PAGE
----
Chapel of Saint George (Fasoula)

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Southwest of the village of Fasoula, one may come across the small, abandoned chapel of Saint George. Not much of the little church remains standing today, other than the ruins of its stone-built foundation and outer walls, yet it is nevertheless an important religious artefact for the many faithful locals who visit it.

In religious tradition, Saint George has always been associated with farming communities, and is considered to be the patron saint of farmers and shepherds. As Fasoula has always been a farming village by trade, the saint and his little chapel hold a special place in the hearts of its residents, who continue to visit the chapel ruins to this day. A small alcove in one of the chapel’s standing walls houses an icon of Saint George, resting upon a stone, as well as a burning candle which the faithful visitors always ensure remains lit. The remains of secondary buildings are located near the chapel, which had once been used as lodgings for the monks caring for the chapel.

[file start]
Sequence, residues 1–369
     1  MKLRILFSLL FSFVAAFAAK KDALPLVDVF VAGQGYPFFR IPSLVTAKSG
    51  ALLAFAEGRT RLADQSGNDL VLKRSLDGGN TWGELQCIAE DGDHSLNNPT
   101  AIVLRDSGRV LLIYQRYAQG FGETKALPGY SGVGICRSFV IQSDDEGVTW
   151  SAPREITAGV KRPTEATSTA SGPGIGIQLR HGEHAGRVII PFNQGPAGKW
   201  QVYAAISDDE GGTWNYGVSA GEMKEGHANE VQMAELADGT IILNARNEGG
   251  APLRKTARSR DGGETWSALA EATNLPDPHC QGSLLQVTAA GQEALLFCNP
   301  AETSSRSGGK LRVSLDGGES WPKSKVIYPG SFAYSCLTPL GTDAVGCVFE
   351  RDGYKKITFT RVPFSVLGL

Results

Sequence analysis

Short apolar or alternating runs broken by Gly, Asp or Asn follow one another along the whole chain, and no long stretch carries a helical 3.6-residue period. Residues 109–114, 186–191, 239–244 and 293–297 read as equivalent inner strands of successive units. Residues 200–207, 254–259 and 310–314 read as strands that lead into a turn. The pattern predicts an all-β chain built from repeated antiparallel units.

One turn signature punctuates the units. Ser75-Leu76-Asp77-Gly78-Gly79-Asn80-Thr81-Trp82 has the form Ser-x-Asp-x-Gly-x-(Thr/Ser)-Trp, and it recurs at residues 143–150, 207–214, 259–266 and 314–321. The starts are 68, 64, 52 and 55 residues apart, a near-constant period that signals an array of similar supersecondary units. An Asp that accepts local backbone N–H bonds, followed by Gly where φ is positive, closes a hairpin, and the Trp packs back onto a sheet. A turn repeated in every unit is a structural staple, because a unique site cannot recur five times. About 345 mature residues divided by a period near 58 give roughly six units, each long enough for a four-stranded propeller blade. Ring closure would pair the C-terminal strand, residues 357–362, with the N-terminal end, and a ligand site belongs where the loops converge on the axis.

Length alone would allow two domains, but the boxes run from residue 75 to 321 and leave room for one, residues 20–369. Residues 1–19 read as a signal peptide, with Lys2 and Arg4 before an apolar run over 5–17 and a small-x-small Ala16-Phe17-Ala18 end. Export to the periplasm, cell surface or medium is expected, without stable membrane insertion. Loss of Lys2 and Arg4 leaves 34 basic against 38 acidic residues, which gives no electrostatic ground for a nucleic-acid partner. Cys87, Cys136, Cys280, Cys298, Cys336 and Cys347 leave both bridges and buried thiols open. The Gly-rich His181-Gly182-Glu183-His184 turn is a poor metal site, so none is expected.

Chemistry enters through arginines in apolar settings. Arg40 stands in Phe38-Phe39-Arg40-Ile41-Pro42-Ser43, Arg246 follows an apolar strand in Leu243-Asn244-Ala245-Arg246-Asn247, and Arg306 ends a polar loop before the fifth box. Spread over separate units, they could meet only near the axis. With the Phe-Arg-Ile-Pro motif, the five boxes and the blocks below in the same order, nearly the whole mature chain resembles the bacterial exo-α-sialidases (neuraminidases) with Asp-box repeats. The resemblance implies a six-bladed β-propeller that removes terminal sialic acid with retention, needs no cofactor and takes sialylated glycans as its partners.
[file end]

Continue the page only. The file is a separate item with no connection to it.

The chapel’s picturesque location amid the rolling green hills of Fasoula can be a challenge to reach, though the village residents who frequent the central coffee shop are always happy to offer directions. It is accessible only via a dirt road and with vehicles suitable for off-road driving. Once there, however, you will be enchanted by the serenity of space, the beauty of the surroundings, as well as the quiet reverence inspired by the sanctity of the icon illuminated by the burning candle.